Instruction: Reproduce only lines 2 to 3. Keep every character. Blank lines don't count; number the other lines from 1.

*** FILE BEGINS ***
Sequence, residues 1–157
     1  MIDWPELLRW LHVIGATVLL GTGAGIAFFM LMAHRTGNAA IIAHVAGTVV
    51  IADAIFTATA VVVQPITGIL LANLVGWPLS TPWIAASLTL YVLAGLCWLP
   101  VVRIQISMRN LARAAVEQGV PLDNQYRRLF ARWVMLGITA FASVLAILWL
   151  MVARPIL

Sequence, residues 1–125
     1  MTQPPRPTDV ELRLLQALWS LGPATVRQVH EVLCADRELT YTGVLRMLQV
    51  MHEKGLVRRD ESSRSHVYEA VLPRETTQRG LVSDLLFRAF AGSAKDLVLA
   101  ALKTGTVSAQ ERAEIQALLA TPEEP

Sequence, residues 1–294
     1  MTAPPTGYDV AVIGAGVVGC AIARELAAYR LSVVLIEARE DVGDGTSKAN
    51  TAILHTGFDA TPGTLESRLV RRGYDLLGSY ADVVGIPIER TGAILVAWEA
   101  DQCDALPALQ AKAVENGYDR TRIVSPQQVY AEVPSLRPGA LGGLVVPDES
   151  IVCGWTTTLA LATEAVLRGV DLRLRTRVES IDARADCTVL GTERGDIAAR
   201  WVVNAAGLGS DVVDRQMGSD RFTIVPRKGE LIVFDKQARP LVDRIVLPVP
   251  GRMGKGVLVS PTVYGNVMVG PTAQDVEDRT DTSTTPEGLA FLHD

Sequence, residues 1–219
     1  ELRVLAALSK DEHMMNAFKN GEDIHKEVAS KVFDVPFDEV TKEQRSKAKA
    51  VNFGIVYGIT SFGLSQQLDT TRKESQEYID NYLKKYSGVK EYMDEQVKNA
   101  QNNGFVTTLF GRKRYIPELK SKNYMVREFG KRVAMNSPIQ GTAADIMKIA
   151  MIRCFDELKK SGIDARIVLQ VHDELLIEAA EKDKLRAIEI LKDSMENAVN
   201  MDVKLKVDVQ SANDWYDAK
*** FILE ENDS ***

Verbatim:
     1  MIDWPELLRW LHVIGATVLL GTGAGIAFFM LMAHRTGNAA IIAHVAGTVV
    51  IADAIFTATA VVVQPITGIL LANLVGWPLS TPWIAASLTL YVLAGLCWLP